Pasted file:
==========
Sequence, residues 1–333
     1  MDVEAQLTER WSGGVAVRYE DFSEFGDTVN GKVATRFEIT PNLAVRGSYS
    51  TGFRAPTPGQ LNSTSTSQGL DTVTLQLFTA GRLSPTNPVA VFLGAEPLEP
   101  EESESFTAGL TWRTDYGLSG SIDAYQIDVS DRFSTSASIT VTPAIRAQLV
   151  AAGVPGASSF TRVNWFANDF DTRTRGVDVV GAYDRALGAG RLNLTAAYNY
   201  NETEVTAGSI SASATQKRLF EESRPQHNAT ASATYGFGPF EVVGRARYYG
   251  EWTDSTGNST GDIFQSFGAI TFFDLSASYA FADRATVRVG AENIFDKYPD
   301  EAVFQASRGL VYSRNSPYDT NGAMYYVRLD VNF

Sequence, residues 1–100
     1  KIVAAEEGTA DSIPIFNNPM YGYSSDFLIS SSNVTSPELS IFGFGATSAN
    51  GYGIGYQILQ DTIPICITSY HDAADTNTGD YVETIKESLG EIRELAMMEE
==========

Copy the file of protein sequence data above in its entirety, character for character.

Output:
Sequence, residues 1–333
     1  MDVEAQLTER WSGGVAVRYE DFSEFGDTVN GKVATRFEIT PNLAVRGSYS
    51  TGFRAPTPGQ LNSTSTSQGL DTVTLQLFTA GRLSPTNPVA VFLGAEPLEP
   101  EESESFTAGL TWRTDYGLSG SIDAYQIDVS DRFSTSASIT VTPAIRAQLV
   151  AAGVPGASSF TRVNWFANDF DTRTRGVDVV GAYDRALGAG RLNLTAAYNY
   201  NETEVTAGSI SASATQKRLF EESRPQHNAT ASATYGFGPF EVVGRARYYG
   251  EWTDSTGNST GDIFQSFGAI TFFDLSASYA FADRATVRVG AENIFDKYPD
   301  EAVFQASRGL VYSRNSPYDT NGAMYYVRLD VNF

Sequence, residues 1–100
     1  KIVAAEEGTA DSIPIFNNPM YGYSSDFLIS SSNVTSPELS IFGFGATSAN
    51  GYGIGYQILQ DTIPICITSY HDAADTNTGD YVETIKESLG EIRELAMMEE